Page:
When Edx launched two years ago, Agarwal expected 1,000 students to enroll in his course on circuits. 155,000 signed up. "Because of cloud computing, with a few keystrokes, we were able to scale up," he said.
The appeal in China
As with cloud computing more generally, China is the next frontier.
Stanford-based Coursera, a for profit platform using proprietary software, and Agarwal's Edx, a nonprofit, open-source collaboration between Google, MIT and Harvard, are both looking east.
Last fall, Coursera announced a strategic partnership with China's Netease to host video content. In March, former Yale President Richard Levin, who fended off protests to host President Hu Jintau in New Haven and expanded Yale's brand in Asia, was named CEO. For its part Edx is collaborating with China's top-ranked Tsinghua University to launch Xuetangx, a MOOCs platform hosted by Tsinghua.
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While just three percent of edX's two million students have enrolled through a Chinese server and just six percent of Coursera's 7.3 million have, demand ought to be robust. A third of international students in the U.S. come from China. Recently, more than 11,000 students signed up for a Chinese language courses out of the National University of Taiwan.
The popularity of MOOCs in China reflects a desire to learn and gain access to information in a country where the most prestigious universities still have propaganda departments and professors are expected to toe the official line.
On a trip to China this fall to speak at a conference on MOOCs, Eli Bilder of Coursera, was surprised by the turnout. "I was overwhelmed by the enthusiasm of Chinese students and their eagerness to get their hands on this material," he said.
While their popularity is growing, MOOCs still face two key hurdles in China: language and censorship.
Yolanda Ma, a 27-year-old media consultant has completed online open courses on social network analysis and data-driven journalism and is currently enrolled in several more. "You could say we are a self-selecting group," Ma said. "I went to a foreign-language high school and most of my friends are well educated and fluent in English."
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Potential MOOCs users like Ma are few and far between outside of China's major cities. Majority of China's 600+ million internet users do not speak English and have not been able to participate in such programs.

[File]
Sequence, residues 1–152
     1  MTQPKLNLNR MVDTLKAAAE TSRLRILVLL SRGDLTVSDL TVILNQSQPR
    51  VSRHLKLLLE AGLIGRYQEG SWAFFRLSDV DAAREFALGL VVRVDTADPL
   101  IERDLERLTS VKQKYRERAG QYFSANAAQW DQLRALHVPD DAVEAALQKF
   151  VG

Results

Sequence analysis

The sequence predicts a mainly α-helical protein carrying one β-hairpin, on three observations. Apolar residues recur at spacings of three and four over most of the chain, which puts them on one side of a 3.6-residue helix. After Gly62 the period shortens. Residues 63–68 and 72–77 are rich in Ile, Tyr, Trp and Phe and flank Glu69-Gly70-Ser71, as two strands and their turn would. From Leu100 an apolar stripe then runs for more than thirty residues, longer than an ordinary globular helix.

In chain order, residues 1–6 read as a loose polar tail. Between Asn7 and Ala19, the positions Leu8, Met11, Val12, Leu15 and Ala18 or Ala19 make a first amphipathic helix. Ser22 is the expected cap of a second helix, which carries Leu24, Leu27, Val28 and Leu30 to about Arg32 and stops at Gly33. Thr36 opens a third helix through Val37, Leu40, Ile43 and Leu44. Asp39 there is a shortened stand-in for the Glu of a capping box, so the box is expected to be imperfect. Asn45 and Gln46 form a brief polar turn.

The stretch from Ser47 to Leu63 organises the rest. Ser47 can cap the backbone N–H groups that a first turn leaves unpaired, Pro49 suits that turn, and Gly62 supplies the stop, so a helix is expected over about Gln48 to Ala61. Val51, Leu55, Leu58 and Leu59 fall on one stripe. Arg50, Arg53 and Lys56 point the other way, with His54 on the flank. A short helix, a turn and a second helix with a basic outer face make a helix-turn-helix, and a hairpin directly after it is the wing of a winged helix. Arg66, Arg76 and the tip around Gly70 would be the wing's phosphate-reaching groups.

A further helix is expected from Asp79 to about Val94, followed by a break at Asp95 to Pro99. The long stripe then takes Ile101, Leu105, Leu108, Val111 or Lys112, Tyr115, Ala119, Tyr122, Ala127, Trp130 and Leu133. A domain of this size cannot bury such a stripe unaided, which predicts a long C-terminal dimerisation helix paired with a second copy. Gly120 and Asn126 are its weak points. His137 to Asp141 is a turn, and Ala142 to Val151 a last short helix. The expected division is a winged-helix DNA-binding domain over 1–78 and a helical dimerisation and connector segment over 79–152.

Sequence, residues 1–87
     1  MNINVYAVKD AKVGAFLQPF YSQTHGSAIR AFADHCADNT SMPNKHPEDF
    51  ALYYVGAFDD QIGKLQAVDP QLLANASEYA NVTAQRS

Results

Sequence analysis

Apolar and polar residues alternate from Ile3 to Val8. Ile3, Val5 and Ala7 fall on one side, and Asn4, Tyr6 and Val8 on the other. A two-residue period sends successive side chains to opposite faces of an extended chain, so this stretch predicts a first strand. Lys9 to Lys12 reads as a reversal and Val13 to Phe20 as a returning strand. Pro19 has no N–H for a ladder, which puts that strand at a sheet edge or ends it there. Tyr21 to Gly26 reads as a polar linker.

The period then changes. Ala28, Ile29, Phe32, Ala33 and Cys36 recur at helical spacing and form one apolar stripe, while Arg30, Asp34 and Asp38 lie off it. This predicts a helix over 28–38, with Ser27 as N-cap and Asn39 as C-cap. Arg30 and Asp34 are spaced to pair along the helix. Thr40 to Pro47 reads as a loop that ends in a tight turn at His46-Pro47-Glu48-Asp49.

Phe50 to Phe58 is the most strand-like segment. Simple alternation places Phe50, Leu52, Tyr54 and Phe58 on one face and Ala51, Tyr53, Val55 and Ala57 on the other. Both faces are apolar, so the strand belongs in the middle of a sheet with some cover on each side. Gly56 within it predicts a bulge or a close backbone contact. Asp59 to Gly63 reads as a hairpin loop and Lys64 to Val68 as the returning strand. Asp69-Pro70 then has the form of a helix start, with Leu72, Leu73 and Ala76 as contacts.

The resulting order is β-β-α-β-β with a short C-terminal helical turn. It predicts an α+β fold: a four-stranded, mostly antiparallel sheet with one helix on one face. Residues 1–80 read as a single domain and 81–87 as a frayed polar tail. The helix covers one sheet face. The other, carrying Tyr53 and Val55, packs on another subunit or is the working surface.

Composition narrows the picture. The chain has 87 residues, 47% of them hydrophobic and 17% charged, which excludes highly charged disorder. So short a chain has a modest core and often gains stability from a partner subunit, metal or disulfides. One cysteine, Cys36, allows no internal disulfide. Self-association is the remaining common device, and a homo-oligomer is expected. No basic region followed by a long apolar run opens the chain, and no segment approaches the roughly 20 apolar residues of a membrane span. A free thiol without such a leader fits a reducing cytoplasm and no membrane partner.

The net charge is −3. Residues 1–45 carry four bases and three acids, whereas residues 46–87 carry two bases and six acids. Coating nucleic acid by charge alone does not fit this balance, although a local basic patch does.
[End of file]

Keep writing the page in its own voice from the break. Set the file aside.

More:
Internet regulations in China are another deterrent. Outside of China, many MOOCs post video content on Youtube, which, like Facebook and Twitter, has been blocked in China. Even through a proxy server, which can be expensive or technically intricate to obtain, download speeds are slow enough to deter would-be users.
It is unclear how closely MOOCs will be monitored. Last October, Peking University dismissed an economics professor who had publicly pressed for reform and democratization. In December another prominent university fired a legal scholar who had advocated for freedom of speech and constitutional law.
"Many countries want to own their students," said MIT's Agarwal, "What we are doing is extremely disruptive."
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However, according to Wang Xiaofeng, a market analyst with Forrester, online education content would be less closely-monitored than other Internet content.
"Because this is education content, I don't think they need to think that much about censorship," she said.
Furthermore, as Chinese video portals rush to distinguish themselves, specializing in free Korean soap operas, HBO shows and British period dramas supported by ad revenue, Xiaofeng thought MOOCs might be just the kind of content to draw the educated young audience advertisers crave access to.
"I know Chinese consumers spend more and more time watching online videos," she said. "There are some people who want to watch something more knowledgeable, to learn more. For platforms themselves, this is a way to differentiate themselves from their competitors."